The Birth of the American 40-Hour Week
The Monday through Friday workweek was first introduced in 1926 when Henry Ford began shutting down his automotive factories on Saturday and Sunday to allow his labor force to rest. But it was not until 1940, when a provision of the 1938 Fair Labor Standards Act mandating a maximum 40-hour workweek went into effect, that the two-day weekend was adopted nationwide.
New Department of Labor Ruling
In May 2016, the Department of Labor made a ruling to revise the Fair Labor Standards Act (FLSA) regarding overtime regulations to prevent exploitation of those making $47,476 or less annually from working over 40 hours a week without overtime compensation. According to the Society of Human Resources Management that is more than double the old threshold of $23,660 for an exempt position even for those classified as manager or professional roles. This new rule goes into effect on December 1, 2016.
That’s a great step in the right direction for protecting people below 50K annually from working more than 40-hours a week without additional compensation. However, we still have a long way to go to fix the burn and churn professional culture and work expectations in many career industries. And what about individuals who earn above the FLSA exempt rate? Should anyone be expected to work more than 40 hours a week?
Pencils Down on Wall Street
The financial and legal sectors have for decades expected well over the traditional 40-hour workweek from their employees. To be clear, the salaries are far above the FLSA exempt status of $47,476 annually. It does however come at a price – you earn the big bucks and the company owns you.
This is particularly common for rookie lawyers and financial industry professionals who have not yet earned their worth in the organization via billable hours or credibility. The burn and churn mindset for newly minted lawyers and business professionals often requires them to work 90 hours a week to earn their keep. Weekends and late nights are a given. While meals provided on site might seem like a perk, it’s also a way to keep you working around the clock without leaving the office.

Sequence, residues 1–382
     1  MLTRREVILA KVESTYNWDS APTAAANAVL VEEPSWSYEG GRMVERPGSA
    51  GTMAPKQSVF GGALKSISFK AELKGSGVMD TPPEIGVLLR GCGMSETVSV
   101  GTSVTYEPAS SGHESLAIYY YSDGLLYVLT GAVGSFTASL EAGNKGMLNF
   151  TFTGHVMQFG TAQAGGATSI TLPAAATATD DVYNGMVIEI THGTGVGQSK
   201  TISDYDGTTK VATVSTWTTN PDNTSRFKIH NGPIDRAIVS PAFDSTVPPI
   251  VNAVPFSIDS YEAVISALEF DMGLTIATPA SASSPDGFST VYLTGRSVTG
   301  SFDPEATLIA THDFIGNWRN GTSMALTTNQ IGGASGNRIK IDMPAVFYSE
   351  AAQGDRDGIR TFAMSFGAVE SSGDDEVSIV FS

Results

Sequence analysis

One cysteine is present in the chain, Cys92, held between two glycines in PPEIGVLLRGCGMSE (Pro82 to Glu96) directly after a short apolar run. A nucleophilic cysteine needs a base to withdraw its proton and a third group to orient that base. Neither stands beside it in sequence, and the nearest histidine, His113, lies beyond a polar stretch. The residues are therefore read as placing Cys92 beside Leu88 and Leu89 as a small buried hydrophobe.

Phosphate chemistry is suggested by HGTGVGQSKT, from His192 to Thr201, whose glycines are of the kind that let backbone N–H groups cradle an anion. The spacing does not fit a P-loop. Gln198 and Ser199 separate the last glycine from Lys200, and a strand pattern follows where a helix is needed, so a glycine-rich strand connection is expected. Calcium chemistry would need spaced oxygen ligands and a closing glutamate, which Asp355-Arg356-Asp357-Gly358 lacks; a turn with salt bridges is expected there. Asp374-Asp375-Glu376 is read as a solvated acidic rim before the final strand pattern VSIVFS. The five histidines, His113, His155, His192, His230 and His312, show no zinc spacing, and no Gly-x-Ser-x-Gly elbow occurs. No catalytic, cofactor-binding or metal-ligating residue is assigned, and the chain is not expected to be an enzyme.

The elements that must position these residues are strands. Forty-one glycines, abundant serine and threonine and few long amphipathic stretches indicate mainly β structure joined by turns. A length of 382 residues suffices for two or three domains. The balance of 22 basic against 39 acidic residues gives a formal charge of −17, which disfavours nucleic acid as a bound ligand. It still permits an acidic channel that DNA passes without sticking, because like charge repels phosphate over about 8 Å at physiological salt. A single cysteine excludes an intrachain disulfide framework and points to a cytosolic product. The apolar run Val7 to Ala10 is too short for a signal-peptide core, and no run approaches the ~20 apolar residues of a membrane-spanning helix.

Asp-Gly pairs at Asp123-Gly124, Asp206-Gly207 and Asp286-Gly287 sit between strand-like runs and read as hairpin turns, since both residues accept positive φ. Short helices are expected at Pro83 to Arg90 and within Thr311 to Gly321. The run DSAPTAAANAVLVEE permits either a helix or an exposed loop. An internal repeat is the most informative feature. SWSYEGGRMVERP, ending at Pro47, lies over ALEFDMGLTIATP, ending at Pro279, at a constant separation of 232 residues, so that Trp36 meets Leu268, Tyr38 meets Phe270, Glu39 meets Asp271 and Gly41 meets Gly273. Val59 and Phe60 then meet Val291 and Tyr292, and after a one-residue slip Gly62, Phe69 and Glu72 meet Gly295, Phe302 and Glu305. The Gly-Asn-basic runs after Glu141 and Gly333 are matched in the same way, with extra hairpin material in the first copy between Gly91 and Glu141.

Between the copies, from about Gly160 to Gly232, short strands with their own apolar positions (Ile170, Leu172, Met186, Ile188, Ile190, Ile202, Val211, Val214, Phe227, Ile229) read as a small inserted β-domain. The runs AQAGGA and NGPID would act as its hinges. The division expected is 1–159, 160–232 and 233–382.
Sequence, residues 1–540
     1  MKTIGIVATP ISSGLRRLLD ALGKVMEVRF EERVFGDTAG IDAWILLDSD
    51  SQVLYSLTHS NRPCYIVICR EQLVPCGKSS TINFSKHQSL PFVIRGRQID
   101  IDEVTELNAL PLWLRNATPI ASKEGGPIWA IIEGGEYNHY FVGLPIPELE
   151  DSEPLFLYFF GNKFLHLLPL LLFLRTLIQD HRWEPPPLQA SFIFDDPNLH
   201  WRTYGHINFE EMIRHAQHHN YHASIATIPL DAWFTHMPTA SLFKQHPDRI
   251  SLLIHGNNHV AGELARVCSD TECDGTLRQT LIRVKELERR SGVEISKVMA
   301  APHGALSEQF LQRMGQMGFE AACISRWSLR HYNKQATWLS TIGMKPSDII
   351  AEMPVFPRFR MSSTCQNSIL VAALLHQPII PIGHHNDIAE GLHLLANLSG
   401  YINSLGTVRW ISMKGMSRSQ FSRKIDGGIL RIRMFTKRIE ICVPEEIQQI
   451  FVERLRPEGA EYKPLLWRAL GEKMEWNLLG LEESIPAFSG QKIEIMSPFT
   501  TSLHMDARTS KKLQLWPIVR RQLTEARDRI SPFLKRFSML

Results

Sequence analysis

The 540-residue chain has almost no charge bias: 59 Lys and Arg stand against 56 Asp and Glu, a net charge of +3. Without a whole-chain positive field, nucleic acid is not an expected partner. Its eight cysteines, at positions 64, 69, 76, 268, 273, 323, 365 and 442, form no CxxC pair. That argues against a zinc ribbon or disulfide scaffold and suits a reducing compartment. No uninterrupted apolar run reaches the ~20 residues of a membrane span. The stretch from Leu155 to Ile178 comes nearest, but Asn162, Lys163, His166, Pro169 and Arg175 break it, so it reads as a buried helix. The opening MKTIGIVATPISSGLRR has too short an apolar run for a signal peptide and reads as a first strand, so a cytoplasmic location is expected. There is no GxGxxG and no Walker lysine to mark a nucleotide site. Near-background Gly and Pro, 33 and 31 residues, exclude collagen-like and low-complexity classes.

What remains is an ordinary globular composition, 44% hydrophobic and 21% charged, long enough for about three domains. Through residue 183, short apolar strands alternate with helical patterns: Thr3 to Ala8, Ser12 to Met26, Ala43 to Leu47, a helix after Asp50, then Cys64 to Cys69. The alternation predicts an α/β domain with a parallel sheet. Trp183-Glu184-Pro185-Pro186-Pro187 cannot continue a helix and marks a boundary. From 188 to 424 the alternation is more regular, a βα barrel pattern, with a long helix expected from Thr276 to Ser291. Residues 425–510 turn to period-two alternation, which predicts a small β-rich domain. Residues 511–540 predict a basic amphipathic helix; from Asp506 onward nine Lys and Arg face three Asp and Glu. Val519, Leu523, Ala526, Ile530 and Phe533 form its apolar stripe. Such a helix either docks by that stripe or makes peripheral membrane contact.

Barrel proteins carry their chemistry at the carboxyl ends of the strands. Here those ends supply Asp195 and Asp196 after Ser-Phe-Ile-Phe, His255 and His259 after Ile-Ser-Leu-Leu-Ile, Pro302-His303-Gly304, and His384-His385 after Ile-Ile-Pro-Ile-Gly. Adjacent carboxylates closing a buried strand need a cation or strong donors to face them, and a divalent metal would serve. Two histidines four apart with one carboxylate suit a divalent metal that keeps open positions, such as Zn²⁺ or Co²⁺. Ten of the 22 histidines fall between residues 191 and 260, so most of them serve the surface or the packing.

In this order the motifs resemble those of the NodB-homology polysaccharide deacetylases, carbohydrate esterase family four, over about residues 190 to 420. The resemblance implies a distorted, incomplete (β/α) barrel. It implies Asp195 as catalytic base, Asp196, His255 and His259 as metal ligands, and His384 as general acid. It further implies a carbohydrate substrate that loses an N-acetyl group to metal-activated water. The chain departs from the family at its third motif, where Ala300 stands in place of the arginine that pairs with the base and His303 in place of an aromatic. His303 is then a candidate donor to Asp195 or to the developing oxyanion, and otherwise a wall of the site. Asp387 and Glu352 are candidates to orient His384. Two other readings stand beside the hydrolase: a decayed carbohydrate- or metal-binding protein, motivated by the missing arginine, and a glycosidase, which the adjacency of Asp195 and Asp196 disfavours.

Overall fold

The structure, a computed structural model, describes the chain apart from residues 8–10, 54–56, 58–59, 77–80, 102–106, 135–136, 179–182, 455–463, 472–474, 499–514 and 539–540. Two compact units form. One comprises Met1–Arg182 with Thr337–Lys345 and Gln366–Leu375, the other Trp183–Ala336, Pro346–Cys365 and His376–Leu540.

Recruitment and retention are the biggest challenges for the antiquated corporate entities not willing to adjust to the professional values of the new workforce. Many young professionals don’t want to work 90 hours a week even with a big salary.
JPMorgan is taking part in the “Pencils Down” initiative in the hopes of returning some life to the work/life balance of its bankers.
Wall Street corporate giants are following suit by strongly encouraging employees to take the weekends off – at least when they are not working on imminent deals. John Donnelly, head of Human Resources for JPMorgan, told Business Insider, the hope is that the new rule will lead to a “structural” change in the bank’s work culture.
“Under specific situations and emergencies, we all understand that sometimes you have to be in on weekends,” Donnelly said. “But making it a routine and a regular, expected thing is really just not necessary.”
Does a Higher Salary Require More Hours?
The question remains – does a higher salary mean you are obliged to work more hours? If so, what are the boundaries and how can one sustain this long term? There is a growing body of research that indicates how important time away from work is for health and wellness – not to mention productivity on the job.
The British Medical Journal Lancet published a study indicating that people who work more than 55 hours a week have a 33% higher risk of stroke than those who work 35-40 hours a week. The 55+ hour/week workers are also at a 13% higher risk of heart disease. Bottom line – perpetual long hours negatively impacts productivity and increases health problems.